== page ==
Cimetière du Montparnasse

Colorful Stories of the Dead

Cimetiere du Montparnasse is the perfect forum to interact with some of the characterful deceased residents of Paris; don’t forget your metro ticket and lipstick!

The bustling city of Paris is chock full of cemeteries. More and more grave markers appear as the city’s extensive history continues to grow. Located in a neighborhood with profound artistic significance, Cimetière du Montparnasse is home to a rich variety of creative minds. From the outside, the cemetery lies waiting behind the walls that hide it from the street. Foliage covers the expanse of the wall. When visiting in greener months, the beauty of both life and death can be observed at Cimetière du Montparnasse. Maps at the entrances establish the cemetery as a well visited spot, showing patrons the approximate locations of the graves belonging to those they wish to find. Little cobblestone pathways weave between grave sites and intersect with paved roads that enhance ease of navigation. There is no rhyme or rhythm to the staggered arrangement of tombs down each row. New graves are juxtaposed with old and all are unique, with special flares to commemorate the souls that reside there. The cemetery is crowded with individual gems, and only a few of its many treasures will be noted here.

First is both the grave site and works of sculptor Constantin Brancusi. Brancusi certainly left his mark on this infamous Parisian cemetery. The sculptor is buried in Cimetiere du Montparnasse alongside Alexandre Istrati and Natalia Dumitresco in a very simplistic and unpretentious grave. Brancusi’s body, however, is not the only item of his that lies there. The grave is located a short distance away from one of his earlier sculptures from 1907, ‘The Kiss’. The story behind this beautiful work makes it all the more interesting. Brancusi made the sculpture, which was chosen by his friend, the lover of Tania Rachevskaia, to be placed on her grave in memorial. It was their tragic love affair that led to her suicide in 1908. ‘The Kiss’ was the third sculpture of its kind in a series. Unfortunately visitors today, can no longer view the sculpture which has been unceremoniously surrounded by wooden boards. The reasoning for this is still widely unknown, but the best guesses point towards either restoration or family motives. Either way, thanks to his grave, Brancusi’s presence remains.

Another interesting member of Cimetiere du Montparnasse is famous photographer Man Ray. Adorning Man Ray’s grave is the quote “unconcerned, but not indifferent… Love Juliet”, from the woman who would be soon to join him in resting there, his wife. The quote alludes to his unique character and provocative works. His muse, ‘Kiki de Montparnasse’, also resides at the cemetery. Kiki made an appearance modeling in many of Man Ray’s works. As a legendary figure of the Montparnasse neighborhood, it is appropriate that she be buried there as well. Aside from serving as Man Ray’s muse and a model for many other artists Kiki was a singer, socialite, and actress. Ernest Hemingway claimed that Kiki “dominated the era of Montparnasse more than Queen Victoria ever dominated the Victorian era”.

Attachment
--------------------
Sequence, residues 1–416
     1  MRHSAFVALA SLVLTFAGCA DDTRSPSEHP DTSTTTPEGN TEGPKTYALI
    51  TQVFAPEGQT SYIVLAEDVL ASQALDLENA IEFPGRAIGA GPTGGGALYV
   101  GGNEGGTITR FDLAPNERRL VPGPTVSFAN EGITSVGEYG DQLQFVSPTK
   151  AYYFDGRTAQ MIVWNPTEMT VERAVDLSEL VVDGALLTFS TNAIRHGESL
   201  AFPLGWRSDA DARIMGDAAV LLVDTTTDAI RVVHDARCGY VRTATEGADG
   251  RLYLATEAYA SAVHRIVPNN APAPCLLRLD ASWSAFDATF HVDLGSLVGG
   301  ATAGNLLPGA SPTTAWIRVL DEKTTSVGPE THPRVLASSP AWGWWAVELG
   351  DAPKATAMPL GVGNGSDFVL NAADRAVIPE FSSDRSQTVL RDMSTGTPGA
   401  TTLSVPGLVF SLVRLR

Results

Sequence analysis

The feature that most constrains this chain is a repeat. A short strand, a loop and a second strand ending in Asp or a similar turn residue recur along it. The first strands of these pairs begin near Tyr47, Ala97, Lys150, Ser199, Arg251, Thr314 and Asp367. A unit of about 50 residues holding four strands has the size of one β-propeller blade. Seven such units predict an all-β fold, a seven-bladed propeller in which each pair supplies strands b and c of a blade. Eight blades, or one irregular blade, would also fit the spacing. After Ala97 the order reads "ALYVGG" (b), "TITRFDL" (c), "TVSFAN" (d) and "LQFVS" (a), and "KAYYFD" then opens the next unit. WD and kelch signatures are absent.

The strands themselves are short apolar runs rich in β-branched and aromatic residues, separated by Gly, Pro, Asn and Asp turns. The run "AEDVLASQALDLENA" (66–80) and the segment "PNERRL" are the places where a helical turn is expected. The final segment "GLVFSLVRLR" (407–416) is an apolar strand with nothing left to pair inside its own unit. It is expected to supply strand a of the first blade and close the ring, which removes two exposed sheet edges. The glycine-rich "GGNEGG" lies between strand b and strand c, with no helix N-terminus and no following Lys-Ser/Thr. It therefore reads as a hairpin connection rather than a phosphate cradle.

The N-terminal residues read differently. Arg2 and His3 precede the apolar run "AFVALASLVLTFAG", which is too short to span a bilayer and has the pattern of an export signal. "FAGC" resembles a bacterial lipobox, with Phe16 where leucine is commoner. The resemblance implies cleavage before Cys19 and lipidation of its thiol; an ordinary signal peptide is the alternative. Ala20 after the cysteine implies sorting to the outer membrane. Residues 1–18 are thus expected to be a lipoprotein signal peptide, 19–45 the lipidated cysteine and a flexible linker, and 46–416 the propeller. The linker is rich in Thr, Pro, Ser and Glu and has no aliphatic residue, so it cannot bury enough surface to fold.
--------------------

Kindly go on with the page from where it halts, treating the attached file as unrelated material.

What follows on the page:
Cimetière du Montparnasse is also home to the grave site of Jean Paul Sartre. Jean Paul Sartre was a very well-known philosopher. He is best recognized for his work in developing the concept of existentialism. There are two unique things about this grave that Sartre shares with Simone de Beauvoir, author of The Second Sex and an existentialist herself. The grave is often littered with Metro tickets weighted down by pebbles of various sizes and lipstick stains. It's a bit of a stretch from flowers, but there is a reasoning behind it. While the reasoning is not completely known or understood, it is assumed that the Metro ticket tradition is derived from Sartre’s support of a Chinese Maoist group who gave free tickets out when prices shot up. Another theory relates the tickets to the Boulevard Voltaire riots. The brightly tinted lip marks smacked upon the face of the headstone arise from both the affection of Sartre’s fans as well as the recognition of his and Simone de Beauvoir’s open relationship.

The rich history of Cimetiere du Montparnasse does not end here. If interested in learning more about the cemetery’s contents, visit the recommended links below to see a full list of the cemetery’s inhabitants as well as a map.